A Python -- ROOT Bridge

Wim Lavrijsen

Lawrence Berkeley National Laboratory
National Energy Research Scientific Computing Center

1, Cyclotron Road

Revision History
Revision 1.1.1October 2008wlav
Minor fixes in the text.
Revision 1.1June 2006wlav
Updates for ROOT production release 5.12.
Revision 0.1 -- 1.0June 2004 -- December 2005wlav
Details removed.



The document describes PyROOT as shipped with ROOT production release 5.12.

The python programming language is a popular, open-source, dynamic language with an interactive interpreter. Its interoperability with other programming languages, both for extending python as well as embedding it, is excellent and many existing third-party applications and libraries have therefore so-called "python bindings." PyROOT provides python bindings for ROOT: it enables cross-calls from ROOT/CINT into python and vice versa, the intermingling of the two interpreters, and the transport of user-level objects from one interpreter to the other. PyROOT enables access from ROOT to any application or library that itself has python bindings, and it makes all ROOT functionality directly available from the python interpreter.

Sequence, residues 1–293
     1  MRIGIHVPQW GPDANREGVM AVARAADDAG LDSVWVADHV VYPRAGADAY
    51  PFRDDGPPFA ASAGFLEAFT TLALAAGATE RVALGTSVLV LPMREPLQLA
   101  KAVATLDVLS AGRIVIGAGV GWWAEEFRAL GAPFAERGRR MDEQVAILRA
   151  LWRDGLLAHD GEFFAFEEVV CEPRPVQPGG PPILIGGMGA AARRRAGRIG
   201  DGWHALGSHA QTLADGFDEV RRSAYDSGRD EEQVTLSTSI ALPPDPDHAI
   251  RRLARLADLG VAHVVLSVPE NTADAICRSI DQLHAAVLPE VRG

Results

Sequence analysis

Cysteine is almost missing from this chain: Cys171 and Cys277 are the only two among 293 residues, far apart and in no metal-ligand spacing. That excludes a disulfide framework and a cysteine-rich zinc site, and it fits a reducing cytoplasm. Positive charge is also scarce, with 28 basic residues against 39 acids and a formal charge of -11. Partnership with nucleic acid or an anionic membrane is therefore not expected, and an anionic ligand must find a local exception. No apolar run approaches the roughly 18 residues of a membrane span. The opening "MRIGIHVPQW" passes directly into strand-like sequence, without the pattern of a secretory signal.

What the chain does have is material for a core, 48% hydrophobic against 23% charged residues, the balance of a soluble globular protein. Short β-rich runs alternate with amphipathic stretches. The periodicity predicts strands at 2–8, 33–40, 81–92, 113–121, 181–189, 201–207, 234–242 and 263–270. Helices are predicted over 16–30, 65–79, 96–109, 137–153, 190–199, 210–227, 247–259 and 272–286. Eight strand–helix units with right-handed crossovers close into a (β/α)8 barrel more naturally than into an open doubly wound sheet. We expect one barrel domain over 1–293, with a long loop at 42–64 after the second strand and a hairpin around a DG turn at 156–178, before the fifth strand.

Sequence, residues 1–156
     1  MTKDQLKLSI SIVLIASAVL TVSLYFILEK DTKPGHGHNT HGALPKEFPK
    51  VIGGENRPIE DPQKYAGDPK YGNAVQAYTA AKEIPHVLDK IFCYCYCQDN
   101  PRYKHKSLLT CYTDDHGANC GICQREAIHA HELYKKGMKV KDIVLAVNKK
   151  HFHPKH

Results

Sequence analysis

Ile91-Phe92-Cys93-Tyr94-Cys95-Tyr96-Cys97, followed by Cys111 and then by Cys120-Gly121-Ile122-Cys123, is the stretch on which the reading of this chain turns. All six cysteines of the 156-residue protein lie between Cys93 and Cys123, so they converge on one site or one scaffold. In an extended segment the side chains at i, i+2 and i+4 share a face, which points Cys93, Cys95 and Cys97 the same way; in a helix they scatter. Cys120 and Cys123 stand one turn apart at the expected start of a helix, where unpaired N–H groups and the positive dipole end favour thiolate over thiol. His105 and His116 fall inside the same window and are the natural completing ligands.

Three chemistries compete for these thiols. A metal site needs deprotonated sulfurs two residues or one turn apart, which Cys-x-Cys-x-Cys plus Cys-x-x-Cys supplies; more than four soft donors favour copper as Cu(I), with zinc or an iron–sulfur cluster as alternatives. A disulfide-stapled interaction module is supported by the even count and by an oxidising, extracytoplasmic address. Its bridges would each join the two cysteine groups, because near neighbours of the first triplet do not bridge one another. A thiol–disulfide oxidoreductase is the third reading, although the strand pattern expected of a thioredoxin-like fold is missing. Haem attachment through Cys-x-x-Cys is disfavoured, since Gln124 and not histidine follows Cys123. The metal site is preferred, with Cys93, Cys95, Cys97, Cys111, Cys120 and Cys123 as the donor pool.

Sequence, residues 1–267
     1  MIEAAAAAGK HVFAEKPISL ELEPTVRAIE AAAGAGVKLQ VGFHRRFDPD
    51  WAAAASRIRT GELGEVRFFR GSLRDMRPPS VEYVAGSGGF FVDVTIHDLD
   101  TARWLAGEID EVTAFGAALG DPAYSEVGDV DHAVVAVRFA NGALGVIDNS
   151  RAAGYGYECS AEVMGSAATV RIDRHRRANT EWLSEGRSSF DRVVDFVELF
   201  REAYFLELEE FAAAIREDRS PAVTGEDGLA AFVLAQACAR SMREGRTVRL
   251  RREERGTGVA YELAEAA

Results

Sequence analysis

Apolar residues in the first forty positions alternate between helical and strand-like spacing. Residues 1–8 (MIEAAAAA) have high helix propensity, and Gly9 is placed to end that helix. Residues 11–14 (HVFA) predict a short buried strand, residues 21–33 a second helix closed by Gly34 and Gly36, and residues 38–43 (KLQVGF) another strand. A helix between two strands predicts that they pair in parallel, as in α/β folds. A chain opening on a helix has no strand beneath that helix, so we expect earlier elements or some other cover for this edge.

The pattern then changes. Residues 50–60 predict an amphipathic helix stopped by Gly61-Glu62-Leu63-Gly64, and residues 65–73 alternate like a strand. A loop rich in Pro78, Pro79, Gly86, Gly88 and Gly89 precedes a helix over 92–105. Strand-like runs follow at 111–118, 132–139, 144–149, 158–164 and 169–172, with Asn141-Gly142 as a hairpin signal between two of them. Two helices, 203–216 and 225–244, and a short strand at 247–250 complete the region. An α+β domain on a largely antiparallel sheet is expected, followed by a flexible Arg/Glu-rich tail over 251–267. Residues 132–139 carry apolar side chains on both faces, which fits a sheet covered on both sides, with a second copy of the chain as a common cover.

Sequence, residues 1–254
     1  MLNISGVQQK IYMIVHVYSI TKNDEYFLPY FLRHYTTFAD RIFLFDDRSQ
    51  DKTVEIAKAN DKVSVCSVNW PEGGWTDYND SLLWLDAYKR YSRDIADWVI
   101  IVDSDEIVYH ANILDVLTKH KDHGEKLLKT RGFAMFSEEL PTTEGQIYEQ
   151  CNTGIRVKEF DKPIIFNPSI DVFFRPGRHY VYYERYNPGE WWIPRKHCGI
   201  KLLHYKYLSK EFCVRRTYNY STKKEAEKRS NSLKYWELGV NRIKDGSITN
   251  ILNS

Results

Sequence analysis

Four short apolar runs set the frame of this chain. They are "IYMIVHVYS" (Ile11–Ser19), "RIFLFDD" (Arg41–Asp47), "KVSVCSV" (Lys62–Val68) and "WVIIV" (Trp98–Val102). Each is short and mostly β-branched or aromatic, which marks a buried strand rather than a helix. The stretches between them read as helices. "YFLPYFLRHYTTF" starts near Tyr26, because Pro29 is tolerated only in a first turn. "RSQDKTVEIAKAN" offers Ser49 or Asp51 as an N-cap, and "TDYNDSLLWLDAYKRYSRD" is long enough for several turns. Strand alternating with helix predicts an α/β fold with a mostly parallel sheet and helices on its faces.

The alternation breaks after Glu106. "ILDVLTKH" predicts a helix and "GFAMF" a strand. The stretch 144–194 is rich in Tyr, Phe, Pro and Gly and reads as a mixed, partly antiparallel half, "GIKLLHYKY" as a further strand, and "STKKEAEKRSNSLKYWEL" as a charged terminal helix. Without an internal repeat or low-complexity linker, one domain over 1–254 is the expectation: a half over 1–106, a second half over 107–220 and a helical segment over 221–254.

Table of Contents

1. Introduction
2. Overview
3. Installation
4. Using PyROOT
5. Memory handling
6. Performance
A. Recipes
A.1. Use of python functions
A.2. Working with TTrees
A.3. Using your own classes
Explanation of terms

1. Introduction

It is assumed that the reader has a working knowledge of both ROOT and python. If not, then their respective websites ( and, respectively) offer sufficient introductory material not to repeat it here.

This document starts out by setting the stage with an overview of what PyROOT enables you, in general terms, to do. The overview can be read like an executive summary: it is self-contained, sufficient for a rough understanding, and all the details are taken care of in subsequent parts of the text. The article then moves on to some practical details: how to obtain, compile, and setup PyROOT (see Section 3, “Installation”), as well as how to use it in your python sessions and scripts. With the basics covered, there are several sections that address the boundary cases of the bindings, and how they have been resolved with, hopefully, the minimum amount of surprises and gotcha's. These sections are required reading if you plan to write more complicated scripts or want to do more than running simple interactive sessions.

The article concludes with recipes on how to work with certain ROOT specific features, and how to perform common ROOT tasks in python. These recipes double as reference material. A glossary and a brief bibliography are provided as well.